Every day, Watch This offers staff recommendations inspired by a new movie coming out that week. This week: Olympus Has Fallen has us thinking about better films about terrorism.
Four Lions (2010)
“Terrorism is about ideology, but it’s also about berks.” That’s one of the ways a widely distributed email explained Chris Morris’ black comedy Four Lions, in an attempt to crowd-fund the film. It had proved difficult to secure financing through conventional channels: After all, Morris was trying to make a farce about terrorism, with a bunch of hapless suicide bombers stumbling over themselves, squabbling, acting like twits—and successfully killing innocents in the process. Morris’ point, as he clarified in interviews, wasn’t to defang terrorism by mocking it or making it ridiculous; it was to get at the reality that young, uneducated men operating in groups tend to be fractious and sloppy, driven by ego, machismo, and rivalries that can outpace common sense. Morris was inspired in part by a terrorist cell that planned to ram a U.S. warship, but failed when the plotters filled their boat with explosives—and sank it. He felt the image of terrorists as cool, emotionless, flawless adversaries was overblown: “The more I looked, the more reality played against type.”
The movie itself is ramshackle, with mildly fuzzy, bland digital cinematography and a overcrowded storyline that’s more about hitting goofy comic moments than telling a consistent story, or getting at the characters’ humanity. But it’s funny throughout, because of the amiable-stupid performances and because its sheer audacity is startling, exciting, and cathartic. Morris and his British comedy veteran co-writers—Peep Show co-creators Jesse Armstrong and Sam Bain, and In The Loop writer Simon Blackwell—shoot for a wacky, lively comedy packed with incident, but without forgetting that their protagonists are out to kill and maim other people. Their plot focuses on a handful of young British Muslim jihadists planning their suicide runs, but finding their own doofus mistakes and pretentions get in the way; some of them are sincere believers who want to make a forceful impact on British society, but none of them are competent or confident enough to get the job done. The film navigates a subtle, dangerous course between extremes. It risks losing the audience by sympathizing with terrorists, but turning them into shallow cartoons in order to laugh at them would seem smug, dismissive, and self-satisfied in the face of a serious problem. Instead, the filmmakers offer it as a corrective to a chilling stereotype, and an invitation to be less afraid of terrorists, in order to prevent terrorists from winning.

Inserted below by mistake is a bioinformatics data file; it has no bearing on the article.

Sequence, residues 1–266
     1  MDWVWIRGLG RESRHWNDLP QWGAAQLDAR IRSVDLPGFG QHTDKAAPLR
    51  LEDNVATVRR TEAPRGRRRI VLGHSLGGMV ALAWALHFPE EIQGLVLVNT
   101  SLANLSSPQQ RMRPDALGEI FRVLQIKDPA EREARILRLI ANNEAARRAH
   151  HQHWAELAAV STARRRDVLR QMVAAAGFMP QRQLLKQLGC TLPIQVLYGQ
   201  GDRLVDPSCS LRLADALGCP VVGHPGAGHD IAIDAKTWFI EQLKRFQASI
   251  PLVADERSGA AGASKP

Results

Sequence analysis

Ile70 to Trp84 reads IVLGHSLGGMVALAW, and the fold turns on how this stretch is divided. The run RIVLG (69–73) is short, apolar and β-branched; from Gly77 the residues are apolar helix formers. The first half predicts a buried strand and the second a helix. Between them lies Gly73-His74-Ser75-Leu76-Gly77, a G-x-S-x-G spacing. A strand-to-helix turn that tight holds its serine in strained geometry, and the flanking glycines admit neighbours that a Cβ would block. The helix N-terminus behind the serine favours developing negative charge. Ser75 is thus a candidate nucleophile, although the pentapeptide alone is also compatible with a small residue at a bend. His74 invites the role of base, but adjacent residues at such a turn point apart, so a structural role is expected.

Availability: Available on DVD or Blu-ray from Magnolia. Streams at Amazon and Netflix. Available for digital purchase or rental from a variety of services.